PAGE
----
His expertise in doing just that made Robilotto the perfect fit for a University looking to accelerate its technology transfer and commercialization efforts. He came to UMB in 2011, as the University began a focused effort to grow its intellectual property portfolio and more effectively leverage that property through licensing or startup development. Robilotto’s résumé includes nearly 20 years of clinical practice experience and a string of pharmaceutical/biotechnology business development successes on behalf of top U.S. life sciences companies.
Robilotto now leads a growing team of IP managers, technology licensing officers, and business development professionals hired to expand the University’s capacity in technology assessment, market analysis, and commercialization—to improve the speed and precision with which faculty ideas find their way out of the University and into the marketplace.
To do that, Robilotto and his team watch for the right mix of ideas, innovation, and commercial potential. “By encouraging entrepreneurship among our students and faculty and providing them expert advice and business services, we’ll help more discoveries reach the market,” Robilotto says. “And by engaging directly with external partners, we’re inviting new investment into the University, expanding the markets for our commercial offerings, and bringing more startup ventures to fruition.”
The economic development stimulated by this work isn’t important to UMB alone. It’s a statewide priority that got a boost a few years ago with the establishment of UM Ventures, a joint initiative of UMB and the University of Maryland, College Park. UM Ventures fuels commercialization by creating interdisciplinary teams of clinicians, engineers, lawyers, and business experts to find the best discoveries and technologies of both universities and more aggressively move them into the marketplace; by providing the business community one point of entry to unified licensing and patenting services; and by streamlining processes that enhance technology transfer and industry collaboration.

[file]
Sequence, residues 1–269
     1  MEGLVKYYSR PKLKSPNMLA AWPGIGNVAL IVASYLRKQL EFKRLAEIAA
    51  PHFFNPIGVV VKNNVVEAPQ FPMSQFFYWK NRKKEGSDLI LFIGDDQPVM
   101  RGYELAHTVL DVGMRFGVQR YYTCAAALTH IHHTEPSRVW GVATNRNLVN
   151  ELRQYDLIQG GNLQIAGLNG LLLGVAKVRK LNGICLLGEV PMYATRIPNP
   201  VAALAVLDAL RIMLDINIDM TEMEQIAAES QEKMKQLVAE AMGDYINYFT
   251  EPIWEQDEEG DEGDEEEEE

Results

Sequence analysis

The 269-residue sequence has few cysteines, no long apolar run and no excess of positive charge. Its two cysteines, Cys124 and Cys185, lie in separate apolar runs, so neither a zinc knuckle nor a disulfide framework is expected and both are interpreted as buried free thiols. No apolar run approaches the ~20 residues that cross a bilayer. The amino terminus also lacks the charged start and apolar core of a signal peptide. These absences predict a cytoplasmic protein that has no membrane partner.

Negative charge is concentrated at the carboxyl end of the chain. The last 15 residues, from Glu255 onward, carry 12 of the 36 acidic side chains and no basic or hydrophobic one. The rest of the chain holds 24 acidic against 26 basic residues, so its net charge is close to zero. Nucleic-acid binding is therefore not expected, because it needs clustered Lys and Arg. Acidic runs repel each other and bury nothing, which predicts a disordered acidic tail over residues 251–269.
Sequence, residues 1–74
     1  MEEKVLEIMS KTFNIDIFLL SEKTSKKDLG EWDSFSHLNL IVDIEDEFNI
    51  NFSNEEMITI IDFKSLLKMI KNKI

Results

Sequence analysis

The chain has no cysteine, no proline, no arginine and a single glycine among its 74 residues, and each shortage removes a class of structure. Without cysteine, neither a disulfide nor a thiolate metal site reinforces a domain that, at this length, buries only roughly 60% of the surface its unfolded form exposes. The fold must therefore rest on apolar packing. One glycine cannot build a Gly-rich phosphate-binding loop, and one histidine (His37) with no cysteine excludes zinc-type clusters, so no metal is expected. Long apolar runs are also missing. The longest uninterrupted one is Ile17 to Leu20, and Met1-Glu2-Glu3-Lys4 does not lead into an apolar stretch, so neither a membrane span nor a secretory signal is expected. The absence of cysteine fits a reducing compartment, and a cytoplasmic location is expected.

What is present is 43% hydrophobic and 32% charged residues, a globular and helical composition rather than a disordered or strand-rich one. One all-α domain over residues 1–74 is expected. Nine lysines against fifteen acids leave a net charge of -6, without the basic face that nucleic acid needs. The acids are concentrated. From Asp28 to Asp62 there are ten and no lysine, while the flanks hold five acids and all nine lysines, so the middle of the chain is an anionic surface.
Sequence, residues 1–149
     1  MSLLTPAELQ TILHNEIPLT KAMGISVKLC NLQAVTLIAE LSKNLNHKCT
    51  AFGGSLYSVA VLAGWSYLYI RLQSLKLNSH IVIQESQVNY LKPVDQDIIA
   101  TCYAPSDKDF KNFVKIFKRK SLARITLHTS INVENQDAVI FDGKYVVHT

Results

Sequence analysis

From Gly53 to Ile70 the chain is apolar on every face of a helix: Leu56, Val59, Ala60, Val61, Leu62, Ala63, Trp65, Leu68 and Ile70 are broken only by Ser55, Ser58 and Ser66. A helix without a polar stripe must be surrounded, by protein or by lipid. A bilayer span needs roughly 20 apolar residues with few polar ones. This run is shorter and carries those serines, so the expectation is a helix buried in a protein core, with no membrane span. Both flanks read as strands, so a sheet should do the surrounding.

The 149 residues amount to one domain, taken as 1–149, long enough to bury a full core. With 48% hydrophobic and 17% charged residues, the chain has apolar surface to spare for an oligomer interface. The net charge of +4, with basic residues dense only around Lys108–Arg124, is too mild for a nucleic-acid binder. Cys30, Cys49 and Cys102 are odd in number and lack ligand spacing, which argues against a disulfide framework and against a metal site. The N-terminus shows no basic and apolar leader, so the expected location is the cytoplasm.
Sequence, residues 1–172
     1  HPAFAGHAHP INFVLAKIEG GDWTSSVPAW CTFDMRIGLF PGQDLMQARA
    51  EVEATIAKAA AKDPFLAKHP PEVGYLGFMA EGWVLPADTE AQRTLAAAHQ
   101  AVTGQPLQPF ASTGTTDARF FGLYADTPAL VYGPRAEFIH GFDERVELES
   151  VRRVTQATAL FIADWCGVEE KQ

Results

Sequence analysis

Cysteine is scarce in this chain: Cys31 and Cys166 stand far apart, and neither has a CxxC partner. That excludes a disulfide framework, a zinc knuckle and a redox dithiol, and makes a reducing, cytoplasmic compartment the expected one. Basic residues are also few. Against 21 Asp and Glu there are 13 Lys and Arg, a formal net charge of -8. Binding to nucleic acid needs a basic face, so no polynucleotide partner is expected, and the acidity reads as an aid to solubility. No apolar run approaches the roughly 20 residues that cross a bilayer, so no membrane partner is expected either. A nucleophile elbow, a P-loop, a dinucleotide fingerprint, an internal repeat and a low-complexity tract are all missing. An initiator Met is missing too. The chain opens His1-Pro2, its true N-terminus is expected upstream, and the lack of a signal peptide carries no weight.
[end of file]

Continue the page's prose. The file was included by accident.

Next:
The year before Robilotto arrived at UMB, UM Ventures Baltimore logged 88 invention disclosures. In fiscal year 2014, that number was 170. Annual licensing agreements had more than doubled to 30. And startups are now poised to grow significantly with the recent expansion of UMB’s New Ventures team.
Meanwhile, Analytical Informatics is on a roll as well. Thanks to doing the right work up front and the assistance provided by Robilotto and UM Ventures, AI was named a semi-finalist in 43North, the world’s largest business idea competition. The company has attracted funding from a variety of sources, including the Maryland Innovation Initiative of TEDCO (the state’s leading provider of entrepreneurial business assistance and seed funding for tech-based startups). And with 10 health care clients on its customer list—hospitals, hospital systems, and health IT vendors—AI is on its way to achieving the mission that’s guided Meenan and his team from the start: Solve real problems in health care by revolutionizing health care technology.